My Grandfather’s Garden
The Little Tree That Wouldn’t
"A sweet potato for my Sweet Baby!"
My grandfather reached over and pulled from his garden what had to be one of the largest root vegetables I had seen in my entire life. He gently placed it in my basket, and I looked up at him with excited, wide, eight-year-old eyes. He bent down and whispered, "Go show your grandmother what we found". I turned to run back towards their small brick house, pushing through the humidity, able to see my grandma through the kitchen window. I raised the yam over my head with pride, dirt from the garden trickling down onto my forehead. "We've got a vegetable for dinner, Grandma!" She smiled. We roasted sweet potato and freshly caught fish, paired with cheesy grits.
My grandfather was always a gardener. His famous quote was “everyone has their row to hoe in life.” My mom once said that the only thing that kept my father out of the NBA was my grandfather's garden, and his unspoken responsibility to help with tending to it each year. In the southernmost part of Georgia, 30 minutes above the Florida state line and east of Alabama, you will find my grandparent's house. My grandfather turned his backyard into his oasis, behind a modest home built on several sprawling acres, flowing with flowers, vegetables, fruit trees galore. My grandfather could bring any seed to harvest from pecans to peaches, bananas to okra - except for one very stubborn pear tree.
The tree would produce little pear-like knobs, not nearly ripe enough to eat by human consumption and usually tossed aside for wildlife to collect. My mother would tease him each summer, saying "Joe, that tree will never give you a pear." He would throw his head back and laugh, "Just you wait, Marcy. Just you wait."
Seasons would come and go, my grandfather would harvest his peaches, sweet potatoes, and corn. He would pluck the ripe watermelon from their stems, and bring me and my cousins out to the pecan tree and teach us how to shuck and shell them, deciphering the soft, chewy pecans from those that have gone bad. Still, even with his immaculate green thumb, never once did a viable pear grow on that tree. Until one late July.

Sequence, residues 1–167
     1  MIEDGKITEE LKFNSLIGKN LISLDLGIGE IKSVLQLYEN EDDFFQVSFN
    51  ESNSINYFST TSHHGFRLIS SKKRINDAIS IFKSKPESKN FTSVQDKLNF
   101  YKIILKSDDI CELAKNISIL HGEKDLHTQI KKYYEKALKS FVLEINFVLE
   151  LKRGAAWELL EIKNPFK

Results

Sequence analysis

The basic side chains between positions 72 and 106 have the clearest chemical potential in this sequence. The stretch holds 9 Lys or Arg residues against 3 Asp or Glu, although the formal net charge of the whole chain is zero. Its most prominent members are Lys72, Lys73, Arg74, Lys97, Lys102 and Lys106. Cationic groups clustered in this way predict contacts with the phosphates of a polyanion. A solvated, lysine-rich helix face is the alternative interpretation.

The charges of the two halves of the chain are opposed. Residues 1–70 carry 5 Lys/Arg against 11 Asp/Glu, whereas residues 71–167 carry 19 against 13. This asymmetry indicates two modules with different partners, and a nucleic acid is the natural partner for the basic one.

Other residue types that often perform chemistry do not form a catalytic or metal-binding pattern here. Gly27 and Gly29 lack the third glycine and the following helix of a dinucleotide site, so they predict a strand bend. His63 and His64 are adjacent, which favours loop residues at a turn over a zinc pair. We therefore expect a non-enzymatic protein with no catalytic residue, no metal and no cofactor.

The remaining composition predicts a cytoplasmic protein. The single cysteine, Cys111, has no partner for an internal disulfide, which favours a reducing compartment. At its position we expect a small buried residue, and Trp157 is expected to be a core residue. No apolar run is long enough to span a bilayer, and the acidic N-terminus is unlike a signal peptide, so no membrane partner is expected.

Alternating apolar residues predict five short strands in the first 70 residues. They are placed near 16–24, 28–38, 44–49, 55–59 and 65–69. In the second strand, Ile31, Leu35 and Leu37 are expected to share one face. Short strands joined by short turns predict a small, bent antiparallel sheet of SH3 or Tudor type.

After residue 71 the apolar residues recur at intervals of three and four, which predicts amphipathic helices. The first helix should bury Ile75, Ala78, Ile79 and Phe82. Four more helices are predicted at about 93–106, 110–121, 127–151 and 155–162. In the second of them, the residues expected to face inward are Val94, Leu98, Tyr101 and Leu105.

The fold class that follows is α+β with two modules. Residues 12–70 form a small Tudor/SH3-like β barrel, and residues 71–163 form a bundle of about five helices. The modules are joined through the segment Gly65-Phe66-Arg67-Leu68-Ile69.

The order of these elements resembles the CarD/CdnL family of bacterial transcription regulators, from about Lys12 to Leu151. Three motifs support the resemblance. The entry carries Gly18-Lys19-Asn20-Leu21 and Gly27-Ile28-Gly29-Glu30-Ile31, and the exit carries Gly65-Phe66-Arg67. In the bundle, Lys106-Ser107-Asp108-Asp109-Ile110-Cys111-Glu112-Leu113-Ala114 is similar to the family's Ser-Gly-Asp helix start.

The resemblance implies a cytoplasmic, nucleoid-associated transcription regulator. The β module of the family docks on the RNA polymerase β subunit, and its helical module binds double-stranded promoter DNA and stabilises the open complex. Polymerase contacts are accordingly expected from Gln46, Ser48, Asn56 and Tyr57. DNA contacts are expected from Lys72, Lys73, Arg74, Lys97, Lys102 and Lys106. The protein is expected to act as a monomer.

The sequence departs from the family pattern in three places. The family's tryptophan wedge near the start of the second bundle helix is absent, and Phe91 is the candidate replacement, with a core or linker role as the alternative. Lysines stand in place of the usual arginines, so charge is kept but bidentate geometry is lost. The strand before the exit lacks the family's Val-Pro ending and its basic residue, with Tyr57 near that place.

I was 16 years old and had just gotten my license. I called my grandparents to share the news, and in return, my grandfather shared that that morning he had gone out to the pear tree to find one beautiful, golden pear hanging by the branches. He couldn't send me a picture as they only operated via landline, but his excitement was palpable. He then recited to me his entire harvest for the summer thus far, but I had already known this. We had just talked last Saturday.
Two days later, he told me again about his harvest. And when I called back one week later to wish my grandma a happy birthday, he had forgotten what day it was. That's when we knew.
Alzheimer’s runs in the family, each member of my father's side has suffered, and lost, to the disease. Great Uncle Jack was first, then David, then Great Aunt Dot, and Daisy. My grandfather would not be spared. By the next summer, all he remembered was that he once had a pear tree. He loved to tell the story over and over about how we all doubted him, but on that one July morning, God and that pear tree brought his prayers to life. He passed away still fully cognizant of this memory, though not much else.
The tree still stands behind the house where my grandmother now lives alone and has not produced a single fruit since. However, I am so grateful for this tree, and its contribution to my grandfather's legacy.